There’s lots more you’ll need to learn, and there are many other ways you can begin preparing your nonprofit to get federal funding to support its work in the community. One of the best ways you can learn what you need to know is by attending The Grantsmanship Center’s federal grants training, Competing for Federal Grants. This government grants training workshop is thorough and by participating fully in this federal grants class, you'll boost your competitive edge and be better prepared to find federal funding for your nonprofit.
Take the early 2000s, for example. During the recession caused by the collapse of the dot-com bubble, the Fed lowered rates almost to zero, yet the stimulative effect was strikingly weak. Aside from today’s economy, the 2000s expansion was by far the weakest in postwar history, despite being driven by a housing bubble of world-historical proportions and enormous deficit spending. Then came the financial crisis in late 2007 and early 2008. When the economy fell into recession, the Fed started to lower rates sharply and reached near zero by late 2008. (For complicated reasons, the Fed refuses to go all the way to zero.) This action, coupled with the sizable fiscal stimulus of 2009, was enough to stave off a full-blown depression, but it was not enough to prevent mass unemployment, which spiked to over 10 percent and, more importantly, has come down at an agonizing pace. The prime working-age employment rate collapsed during the crisis, and has barely budged since (see Graph 4). Federal Grant Reporting

Trim is a nifty free app that helps you analyze your spending and find subscriptions you may have forgotten about. When you find a service you’re no longer using, simply tell Trim to cancel it and they’ll do it for you automatically. They’ll also help you negotiate your cable and internet bills, help you find cheaper car insurance, and more. Heck, it’s practically like finding free money! Federal Grants For K-12 Education

Why hasn’t the helicopter money option already been enacted? The main reason is simply that until very recently we thought we had cured chronic shortages of aggregate demand, so no one was really thinking about these issues. The other reason is that Congress has not yet gotten it together to pass a law allowing the Fed to cut checks to the American people. Federal Government Grant Videos
Don't pay any money for a "free" government grant. If you have to pay money to claim a "free" government grant, it isn't a government grant and it isn't really free. A real government agency won't ask you to pay a processing fee for a grant that you have already been awarded—or to pay for a list of grant-making institutions. Specifically, Federal government agencies and employees never ask people to wire money or use a prepaid debit card to pay for anything. Be careful. Prepaid cards and money transfers are like sending cash—once it's gone, you can't get it back. Free Money No Work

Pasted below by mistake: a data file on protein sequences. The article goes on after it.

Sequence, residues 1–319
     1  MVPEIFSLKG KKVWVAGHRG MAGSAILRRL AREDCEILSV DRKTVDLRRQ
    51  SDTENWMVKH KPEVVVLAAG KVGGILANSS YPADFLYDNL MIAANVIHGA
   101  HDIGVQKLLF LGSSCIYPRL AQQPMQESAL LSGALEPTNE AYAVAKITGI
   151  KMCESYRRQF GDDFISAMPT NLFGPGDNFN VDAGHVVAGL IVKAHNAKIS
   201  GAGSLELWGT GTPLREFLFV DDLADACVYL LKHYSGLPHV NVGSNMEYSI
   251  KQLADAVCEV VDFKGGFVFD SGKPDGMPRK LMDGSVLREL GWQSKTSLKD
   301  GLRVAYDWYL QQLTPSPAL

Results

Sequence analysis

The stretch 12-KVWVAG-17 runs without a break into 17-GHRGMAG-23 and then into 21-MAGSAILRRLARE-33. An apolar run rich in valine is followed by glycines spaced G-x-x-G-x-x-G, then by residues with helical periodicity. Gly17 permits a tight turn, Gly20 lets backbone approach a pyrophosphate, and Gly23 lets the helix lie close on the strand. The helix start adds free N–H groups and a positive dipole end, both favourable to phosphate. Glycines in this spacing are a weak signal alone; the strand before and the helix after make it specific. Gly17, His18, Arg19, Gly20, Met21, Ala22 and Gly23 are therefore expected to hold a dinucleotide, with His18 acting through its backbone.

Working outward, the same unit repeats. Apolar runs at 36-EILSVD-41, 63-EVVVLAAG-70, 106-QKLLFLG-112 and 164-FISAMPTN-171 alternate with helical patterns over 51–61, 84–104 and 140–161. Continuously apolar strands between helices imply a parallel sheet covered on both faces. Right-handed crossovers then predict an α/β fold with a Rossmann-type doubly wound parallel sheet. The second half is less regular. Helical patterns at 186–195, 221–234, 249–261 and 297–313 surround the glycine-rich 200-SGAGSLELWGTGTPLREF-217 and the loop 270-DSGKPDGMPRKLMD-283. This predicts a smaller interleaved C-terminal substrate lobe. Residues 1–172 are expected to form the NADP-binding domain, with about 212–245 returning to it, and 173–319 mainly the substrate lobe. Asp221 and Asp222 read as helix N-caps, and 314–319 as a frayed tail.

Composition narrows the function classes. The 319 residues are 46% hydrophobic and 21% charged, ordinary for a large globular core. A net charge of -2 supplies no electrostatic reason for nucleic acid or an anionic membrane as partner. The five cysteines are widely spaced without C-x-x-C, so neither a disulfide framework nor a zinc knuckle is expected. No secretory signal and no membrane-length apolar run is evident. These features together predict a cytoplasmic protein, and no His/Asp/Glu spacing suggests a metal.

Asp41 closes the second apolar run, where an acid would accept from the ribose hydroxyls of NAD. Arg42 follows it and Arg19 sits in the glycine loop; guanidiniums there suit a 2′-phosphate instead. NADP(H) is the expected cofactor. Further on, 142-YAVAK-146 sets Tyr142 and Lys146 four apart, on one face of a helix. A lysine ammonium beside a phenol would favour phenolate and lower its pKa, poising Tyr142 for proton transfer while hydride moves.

If you are a Walmart shopper, then use the Savings Catcher on the Walmart app. When you are done with your purchase, scan your receipt and the app will go out over the next several days and search competitor pricing for your products. If they find that someone offered that item for less, you will get a rebate for the difference in the form of a Walmart gift card (redeemable directly from the app. Federal Grants Homeless
Again, that may sound crazy. But the idea is to address the lack of aggregate demand in the economy in the simplest, most mechanical fashion: if the economy needs more aggregate demand, you give people money to spend, since when people (especially non-rich ones) have more money, they spend more money, and therefore aggregate demand increases. People who don’t spend the money outright might choose instead to pay down debt, leaving them more willing to use credit for future spending, and people who worry that the policy will create inflation will move their money from cash and savings to spending on durable goods. (And, remember, the policy won’t create excessive inflation so long as there is slack in aggregate demand.) Free Money For Veterans

Why? Because the economy has evolved to a point where it is vulnerable to mild depressions. In fact, the one we’re in now could persist for decades, as similar conditions have in Japan and other countries. In order to avoid that slow, painful outcome, we need a policy that will jump-start our economy. After three straight years of political gridlock it’s clear that Congress is not going to provide the fiscal stimulus we need, and while the tools the Federal Reserve has at its disposal have helped, they’ve not done enough. If Congress could be persuaded to give the Fed a new tool, one that would let it distribute purchasing power to the broad mass of the population—to “drop money from helicopters,” so to speak—it might be enough to help us escape the nightmare of slow growth and persistent unemployment we’re in now. Federal Grant Recipient Database